Thrift fashion is not a new concept; in the past decade, we witnessed how second-hand clothing evolved from being an under-trend to a solution. A couple of years ago, for instance, Lovebirds used to be a vintage shop — until they turned into a brand for minimalist clothing that is at the helm of this fashion subculture today. Amrita Khanna, its co-founder, had launched the store in Delhi in 2010, giving cognisance to a burst of offbeat artists, each one strikingly different in appearance from the other. This was perhaps my first lesson on individuality. As a novice in the magazine business at that time, I was being trained to spot trends, the brands that were designing those trends, and who was influential. I never questioned that line of thought, just followed it. Looking at a reflection of myself in a vintage, white suit with shoulder-pad details (something I could never have discovered in a high street store) was when fashion, for me, became intertwined with the process of self-expression and finding a purpose.
It takes time for audiences to adapt to alternate ideas, and today, we are rethinking our choices and returning to the old ways of making less, buying less, and to the art of curation. Thrift fashion encompasses recycling used clothing, selling unwanted garments and buying pre-owned pieces at a lesser value. This prevents clothing from ending up in landfills, thus reducing its carbon footprint and maintaining circular fashion ecosystems. “Curation” has become a serious business buzzword, and creative thinking is allowing values to align with execution. With repetitive fashion trends becoming too common, owning a garment that nobody else has can be a rare gift.
Championing mindfulness are sisters Tashi and Tara Mitra. They have decided to stop buying fast fashion and have chosen the more sustainable route of shopping for secondhand clothing. Tashi Mitra, 27, graduated in 2016 with a major in philosophy from Pomona College and is currently working at a life-skills education non-profit, Dream A Dream. Tara Mitra, 23, is a student at Wesleyan University, pursuing a Bachelor of Arts in anthropology and philosophy.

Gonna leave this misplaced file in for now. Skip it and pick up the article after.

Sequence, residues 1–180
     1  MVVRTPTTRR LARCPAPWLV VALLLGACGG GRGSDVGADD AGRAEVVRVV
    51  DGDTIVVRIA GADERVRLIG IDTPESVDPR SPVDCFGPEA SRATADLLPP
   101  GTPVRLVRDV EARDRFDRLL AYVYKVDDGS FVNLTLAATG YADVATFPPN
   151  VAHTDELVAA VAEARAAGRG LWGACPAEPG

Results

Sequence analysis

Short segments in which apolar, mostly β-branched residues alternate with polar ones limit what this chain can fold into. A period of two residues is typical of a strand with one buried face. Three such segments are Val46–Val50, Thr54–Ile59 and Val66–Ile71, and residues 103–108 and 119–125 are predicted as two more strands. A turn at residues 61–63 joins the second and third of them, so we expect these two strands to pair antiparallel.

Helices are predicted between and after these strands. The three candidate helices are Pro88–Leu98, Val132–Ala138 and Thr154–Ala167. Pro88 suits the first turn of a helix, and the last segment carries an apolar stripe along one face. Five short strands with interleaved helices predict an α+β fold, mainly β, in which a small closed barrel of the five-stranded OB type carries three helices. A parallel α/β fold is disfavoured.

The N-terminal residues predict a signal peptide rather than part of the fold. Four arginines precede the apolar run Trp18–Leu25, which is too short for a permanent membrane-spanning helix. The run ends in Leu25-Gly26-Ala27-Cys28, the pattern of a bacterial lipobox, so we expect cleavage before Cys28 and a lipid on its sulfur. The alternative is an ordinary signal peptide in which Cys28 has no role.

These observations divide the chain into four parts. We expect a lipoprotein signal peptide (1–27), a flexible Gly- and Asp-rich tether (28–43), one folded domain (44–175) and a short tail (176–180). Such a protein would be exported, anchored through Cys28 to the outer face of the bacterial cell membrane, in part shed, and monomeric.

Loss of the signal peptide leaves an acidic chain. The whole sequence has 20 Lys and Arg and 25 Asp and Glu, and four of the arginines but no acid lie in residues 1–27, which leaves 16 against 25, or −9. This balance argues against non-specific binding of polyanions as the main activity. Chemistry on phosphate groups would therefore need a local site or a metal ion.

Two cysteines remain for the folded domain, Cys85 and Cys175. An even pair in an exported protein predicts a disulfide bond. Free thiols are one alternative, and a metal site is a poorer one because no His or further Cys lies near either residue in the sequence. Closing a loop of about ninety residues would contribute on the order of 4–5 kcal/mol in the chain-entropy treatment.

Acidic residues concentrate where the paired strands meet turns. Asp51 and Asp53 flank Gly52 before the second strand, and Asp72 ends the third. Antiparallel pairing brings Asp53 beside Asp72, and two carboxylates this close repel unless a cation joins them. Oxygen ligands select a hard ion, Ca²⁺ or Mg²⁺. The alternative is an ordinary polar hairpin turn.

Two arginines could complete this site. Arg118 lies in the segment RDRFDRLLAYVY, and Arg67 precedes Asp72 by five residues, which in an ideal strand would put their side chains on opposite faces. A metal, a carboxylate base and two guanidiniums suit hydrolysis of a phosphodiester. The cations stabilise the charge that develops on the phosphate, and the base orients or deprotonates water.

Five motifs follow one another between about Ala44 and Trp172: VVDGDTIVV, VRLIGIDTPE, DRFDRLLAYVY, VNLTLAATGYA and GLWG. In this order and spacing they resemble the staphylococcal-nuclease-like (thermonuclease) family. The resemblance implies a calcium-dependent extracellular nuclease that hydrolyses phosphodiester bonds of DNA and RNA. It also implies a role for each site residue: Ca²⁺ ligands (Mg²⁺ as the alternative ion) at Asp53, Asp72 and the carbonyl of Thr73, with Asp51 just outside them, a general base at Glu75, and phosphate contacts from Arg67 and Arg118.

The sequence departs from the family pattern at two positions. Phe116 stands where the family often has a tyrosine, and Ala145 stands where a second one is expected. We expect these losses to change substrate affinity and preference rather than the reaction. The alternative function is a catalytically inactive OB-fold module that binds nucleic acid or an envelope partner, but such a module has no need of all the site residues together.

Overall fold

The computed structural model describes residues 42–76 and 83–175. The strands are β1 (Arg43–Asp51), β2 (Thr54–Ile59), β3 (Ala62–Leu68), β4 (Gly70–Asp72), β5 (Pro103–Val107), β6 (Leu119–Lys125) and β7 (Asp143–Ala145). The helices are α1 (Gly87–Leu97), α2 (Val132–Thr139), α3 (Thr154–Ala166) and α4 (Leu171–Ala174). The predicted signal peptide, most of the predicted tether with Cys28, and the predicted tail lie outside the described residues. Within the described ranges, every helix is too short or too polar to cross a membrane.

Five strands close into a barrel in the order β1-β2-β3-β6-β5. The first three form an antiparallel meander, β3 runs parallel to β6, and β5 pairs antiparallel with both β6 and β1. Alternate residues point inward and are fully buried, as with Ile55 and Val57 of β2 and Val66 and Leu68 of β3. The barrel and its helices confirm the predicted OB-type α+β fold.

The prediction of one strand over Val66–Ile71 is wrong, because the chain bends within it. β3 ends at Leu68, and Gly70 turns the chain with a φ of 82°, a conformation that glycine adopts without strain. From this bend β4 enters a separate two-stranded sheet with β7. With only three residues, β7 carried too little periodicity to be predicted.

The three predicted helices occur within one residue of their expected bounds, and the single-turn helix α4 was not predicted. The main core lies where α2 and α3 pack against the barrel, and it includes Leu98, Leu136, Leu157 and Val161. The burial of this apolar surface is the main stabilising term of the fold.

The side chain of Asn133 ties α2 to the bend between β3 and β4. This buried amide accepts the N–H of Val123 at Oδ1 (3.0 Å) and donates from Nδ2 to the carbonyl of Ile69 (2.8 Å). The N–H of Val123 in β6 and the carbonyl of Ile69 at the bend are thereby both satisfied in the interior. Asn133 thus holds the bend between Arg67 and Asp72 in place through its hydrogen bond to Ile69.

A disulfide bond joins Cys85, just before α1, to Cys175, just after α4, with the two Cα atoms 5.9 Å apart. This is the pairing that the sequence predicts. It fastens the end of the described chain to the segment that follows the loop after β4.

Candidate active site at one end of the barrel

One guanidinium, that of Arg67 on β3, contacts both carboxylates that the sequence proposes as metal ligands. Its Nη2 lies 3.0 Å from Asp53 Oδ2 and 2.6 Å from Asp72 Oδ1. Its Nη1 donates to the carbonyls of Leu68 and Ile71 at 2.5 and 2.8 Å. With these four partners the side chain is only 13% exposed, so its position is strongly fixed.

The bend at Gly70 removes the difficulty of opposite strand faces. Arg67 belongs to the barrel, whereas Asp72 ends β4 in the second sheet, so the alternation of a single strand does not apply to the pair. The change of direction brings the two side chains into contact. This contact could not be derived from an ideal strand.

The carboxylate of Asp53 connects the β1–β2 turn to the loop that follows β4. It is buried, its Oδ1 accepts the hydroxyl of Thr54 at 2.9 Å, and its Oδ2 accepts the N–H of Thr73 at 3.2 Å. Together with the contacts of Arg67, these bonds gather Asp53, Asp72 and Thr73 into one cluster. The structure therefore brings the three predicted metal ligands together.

In an exclusive feature styled by them, the siblings speak about how a shift in perspective has led them to make more informed choices….
What are your thoughts on environmentally conscious fashion?
Tara: The fashion industry’s impact is vast and varied, from labour exploitation to climate change. Fast fashion has become popular for its affordable prices, but many don’t realise that this affordability comes at a price. Marginalised communities end up feeling the violence of fast fashion through long hours and low wages. They even experience climate change more intensely because of phenomena like gentrification. The market allows for alienation, allowing us to forget about the origins of our clothes, the people who make them and the plants that provide the material.
Tashi: Despite an increasing awareness of injustice and lack of environmental sustainability, the fast fashion industry continues to grow. What we often tend to forget or ignore, is that with every off-the-rack shirt that we wear for two months before it is lost in the depths of our closets, we are complicit in destroying our environment. Today, the fashion industry accounts for around 10 per cent of the world’s carbon emissions and is responsible for massive water consumption and micro-plastic pollution of the ocean. Until we recognise the role each one of us plays in creating these large-scale realities, we will remain unable to create a healthy and thriving world.
How long has it been since you stopped buying fast fashion?
Tara: I stopped maybe somewhere between 2016-2017…. Tashi: It’s been four or five years, between late 2015 and early 2016.
What led to your decision of not indulging in fast fashion anymore?
Tara: I remember Tashi mentioning that she was only going to buy thrifted clothes because of the violence inherent in fast fashion. That really stayed with me since I had become attuned to labour exploitation in the animal agriculture industry through my work on human and nonhuman relationships. I realised that being vegan was not enough, especially since I had the privilege and ability to do more. Giving up fast fashion wasn’t difficult because the outfits felt too generic; everyone having the same clothes is not exciting.
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